SC: In order to convey the density of material that needs to be conveyed in this film, it needed someone with an absurdist sensibility. He has that. And he also has a great handle, intellectually, on this world. Those two things in harmony made him the right choice to direct it. Added to that was his inherent outrage over the events that had transpired. There was a purpose to the movie for him. There were questions to be asked. That sense of passion was really the engine behind it.

He also took an alternative approach to shooting the film itself, I understand.
SC: It was an interesting way to work as an actor because you never had a sense as to where the camera was pointed. You could be doing a scene and realising at the end of it that the camera had been pointing at someone’s hand writing on a piece of paper [laughs]… It was sort of freeing in the sense that you never got an idea of when the camera was pointing at you or anybody else. The result was that you forgot that the camera was there and it was more like doing a play. It kind of took the pressure off.

What was it like re-teaming with Ryan Gosling? Is it different working with him in a drama like this, than a more comedic film like ‘Crazy Stupid Love’?
SC: Well, he just makes me laugh whether it’s a drama or a comedy. And I think he’s extremely funny in this movie too. I love him. I think he’s a fantastic actor and an extremely kind person. He’s one of my favourite people, period.

What was the biggest challenge in making the film?
SC: Probably learning the lingo. It’s not the way normal people talk. The language and concepts behind the banking industry were very foreign to me.

And apparently quite often purposely so.
SC: Early in the movie, Ryan Gosling’s character turns to the audience and essentially says, ‘You’re confused, aren’t you? This is making you feel stupid. Well, it’s designed to make you feel stupid. The banks have created this language in order to keep you from questioning what they’re doing.’ I think there is a truth to that. It’s ultimately not that complicated… When you break it down as Adam does in this movie, it makes it accessible.

What was the most surprising thing you learned?
SC: The level of fraudulent behaviour that was going on. I think most people knew there was a collapse and a bailout – obviously, countless people were impacted by it. But beyond that I didn’t have any real idea as to what these banks were up to. The level of deception that was going on. It was shocking and enlightening.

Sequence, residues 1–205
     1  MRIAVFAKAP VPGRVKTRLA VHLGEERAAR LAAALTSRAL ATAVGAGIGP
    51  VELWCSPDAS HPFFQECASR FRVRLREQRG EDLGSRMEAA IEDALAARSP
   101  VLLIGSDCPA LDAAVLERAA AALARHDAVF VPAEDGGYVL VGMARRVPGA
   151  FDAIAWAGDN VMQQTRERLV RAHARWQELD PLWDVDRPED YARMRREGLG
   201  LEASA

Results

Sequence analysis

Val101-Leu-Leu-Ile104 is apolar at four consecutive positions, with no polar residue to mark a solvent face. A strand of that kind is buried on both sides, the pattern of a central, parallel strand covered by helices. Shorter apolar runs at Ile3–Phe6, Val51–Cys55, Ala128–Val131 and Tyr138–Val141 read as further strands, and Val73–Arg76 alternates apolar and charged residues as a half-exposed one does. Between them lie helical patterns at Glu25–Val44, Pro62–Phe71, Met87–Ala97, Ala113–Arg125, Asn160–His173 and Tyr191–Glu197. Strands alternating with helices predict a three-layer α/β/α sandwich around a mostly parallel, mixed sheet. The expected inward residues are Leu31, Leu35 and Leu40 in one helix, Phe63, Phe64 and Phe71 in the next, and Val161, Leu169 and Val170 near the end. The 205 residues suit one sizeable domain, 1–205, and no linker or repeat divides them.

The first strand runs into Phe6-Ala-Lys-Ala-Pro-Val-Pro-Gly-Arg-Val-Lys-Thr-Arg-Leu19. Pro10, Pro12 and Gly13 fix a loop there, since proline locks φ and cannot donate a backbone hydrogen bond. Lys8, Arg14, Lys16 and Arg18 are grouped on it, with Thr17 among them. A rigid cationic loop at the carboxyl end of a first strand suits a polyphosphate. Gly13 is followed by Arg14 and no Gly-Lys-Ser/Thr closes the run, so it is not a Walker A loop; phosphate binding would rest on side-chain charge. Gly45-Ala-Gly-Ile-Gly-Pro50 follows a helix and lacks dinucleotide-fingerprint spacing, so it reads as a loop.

Do you think we’ve learned from our mistakes?
SC: I’d like to think so. But it seems that not much has changed since then. I think in that way the movie is a cautionary tale. It would be nice if there were lessons learned. But when you talk to the guys who were there, when you talk to the real life counterparts of these characters, they’re all still very angry. You can sense it. There’s a palpable distrust, I think, and an indignation that nothing changed and that no one was held accountable.

What do you make of the response to the film itself, so far? It recently received four Golden Globe nominations, five Oscar nominations and is enjoying glowing reviews in the press.
SC: I still can’t believe the movie is even out. I can’t believe that people are seeing it, because it feels like we just filmed it. We made the movie in the spring. Apparently it was edited in about five weeks, and began screening shortly after that. That part of it is shocking to me… But I guess what strikes me most though is that at these screenings people seem to be lingering afterwards and talking to one another about it. It’s stirring people up a bit. I think that’s very unique and kind of exciting that it’s starting a conversation, because I feel like that rarely happens.

‘The Big Short’ is out in Irish cinemas now. Watch the trailer below…